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TonyTax, Tax Consultant
Category: Tax
Satisfied Customers: 15977
Experience:  Inc Tax, CGT, Corp Tax, IHT, VAT.
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I am a French National with France as my main residence. I

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I am a French National with France as my main residence. I have a second home in the UK which I bought 17 years ago. It has been solely for my own use, never rented, and I now wish to sell it. Do I pay capital Gains Tax in the Uk or in France?

Hi. My name is*****'m looking at your question now and will post my answer or ask for more information here in a short while.

Gains made by non-UK residents on UK residential property became taxable in the UK from 6 April 2015 as you can read here and here. There are three ways you can work out the gain but as you have owned your property for 17 years, the most beneficial way will almost certainly be to use the 5 April 2015 value of the property as your "cost" for CGT purposes instead of the original purchase price. The first £11,100 of gains made in the current tax year will be tax free. CGT on residential property gains is charged at 18%, 28% or a combination of the two rates depending on the level of your UK income in the tax year the gain is made.

I'm not an expert on French tax but I strongly suspect that the gain will be taxable in France and if it is, then you will get credit for any UK CGT paid against the tax you pay in France. Clearly, the gain will be worked out in a different way for French tax purposes compared to the way used for UK tax purposes. Any disposal must be reported to HMRC in the UK within 30 days of the sale.

I hope this helps but let me know if you have any further questions.

Customer: replied 1 year ago.
Thank you for your reply. One thing I don't understand however is your reference to me using the 5 April 2015 value as the ''cost''. As you are probably aware, London property values increased dramatically in recent years. When I bought the property in 1999 I paid (the original ''cost'') £185,000. The 2015 value and the current value provided by local Estate Agents suggests £750,000. This would mean no value increase since the changes brought in in 2015. Using the link to the UK gov. site for CG Tax I could not see how I could use the 2015 value as the ''cost price'' of the flat.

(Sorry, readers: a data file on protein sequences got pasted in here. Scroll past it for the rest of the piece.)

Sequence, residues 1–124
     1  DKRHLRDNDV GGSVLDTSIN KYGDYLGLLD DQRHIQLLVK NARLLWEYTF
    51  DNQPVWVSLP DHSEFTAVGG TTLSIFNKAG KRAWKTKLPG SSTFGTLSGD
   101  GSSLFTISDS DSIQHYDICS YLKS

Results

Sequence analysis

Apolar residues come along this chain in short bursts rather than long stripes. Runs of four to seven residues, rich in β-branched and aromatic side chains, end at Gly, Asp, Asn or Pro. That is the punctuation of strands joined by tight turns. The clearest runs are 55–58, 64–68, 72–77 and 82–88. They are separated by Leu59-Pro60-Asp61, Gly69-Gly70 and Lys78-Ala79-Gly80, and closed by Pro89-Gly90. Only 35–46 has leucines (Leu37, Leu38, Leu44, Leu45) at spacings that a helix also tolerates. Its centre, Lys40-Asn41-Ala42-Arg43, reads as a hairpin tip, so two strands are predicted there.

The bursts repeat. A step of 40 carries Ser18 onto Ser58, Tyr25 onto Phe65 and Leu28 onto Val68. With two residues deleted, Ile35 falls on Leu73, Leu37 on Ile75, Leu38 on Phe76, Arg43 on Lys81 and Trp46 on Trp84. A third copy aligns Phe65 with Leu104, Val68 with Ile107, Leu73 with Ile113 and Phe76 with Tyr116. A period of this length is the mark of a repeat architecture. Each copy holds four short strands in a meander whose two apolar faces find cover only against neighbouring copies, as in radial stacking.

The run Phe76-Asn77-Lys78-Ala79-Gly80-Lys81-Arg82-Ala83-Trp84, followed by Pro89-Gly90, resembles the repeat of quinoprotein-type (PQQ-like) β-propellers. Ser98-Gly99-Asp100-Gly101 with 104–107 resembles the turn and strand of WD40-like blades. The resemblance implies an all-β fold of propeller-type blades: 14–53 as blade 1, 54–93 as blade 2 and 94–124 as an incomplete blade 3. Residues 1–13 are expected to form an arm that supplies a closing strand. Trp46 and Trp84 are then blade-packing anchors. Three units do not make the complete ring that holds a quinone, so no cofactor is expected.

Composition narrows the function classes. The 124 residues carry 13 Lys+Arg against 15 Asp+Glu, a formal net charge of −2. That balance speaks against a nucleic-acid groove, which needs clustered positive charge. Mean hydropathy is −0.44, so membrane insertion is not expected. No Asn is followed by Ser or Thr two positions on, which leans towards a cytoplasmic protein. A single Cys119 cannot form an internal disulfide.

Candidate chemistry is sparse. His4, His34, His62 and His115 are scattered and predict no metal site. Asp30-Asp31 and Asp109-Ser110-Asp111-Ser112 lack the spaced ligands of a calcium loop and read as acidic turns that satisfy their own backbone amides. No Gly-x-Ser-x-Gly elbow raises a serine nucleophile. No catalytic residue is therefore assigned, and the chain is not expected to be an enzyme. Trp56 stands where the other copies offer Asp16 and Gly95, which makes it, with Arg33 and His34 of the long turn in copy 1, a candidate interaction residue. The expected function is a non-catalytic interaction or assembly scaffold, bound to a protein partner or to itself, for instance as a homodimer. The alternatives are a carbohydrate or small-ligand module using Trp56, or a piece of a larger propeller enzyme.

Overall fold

Using the Tax site, their calculation arrived at over £132,000 CGT to be paid , so not very beneficial to me! Am I missing something which would be to my benefit? I look forward to hearing from you.

I cannot see how you arrive at a CGT liability of £132,000. If you use the 5 April 2015 value as your "cost" instead of £185,000 and you sell the property now for £X, what is your gain? In my answer, I said that you have the option to "use the 5 April 2015 value of the property as your "cost" for CGT purposes instead of the original purchase price." I can only think you have used the original purchase price as your "cost".

If you use the 5 April 2015 value as your cost, you deduct that from the disposal proceeds to arrive at your gain. The first £11,100 of the gain will be tax free. Assuming you have no UK income, the first £32,000 of the net taxable gain if there is one will be charged to CGT at 18% and any balance will be charged to CGT at 28%. This is assuming a disposal in the current tax year, 2016/17.

Customer: replied 1 year ago.
You are absolutely right of course. When I used the HMRC calculator I didn't appreciate that I could choose the option to use the 2015 value of the property. It seemed too unlikely I might pay so much LESS tax! Thank you again for your help.


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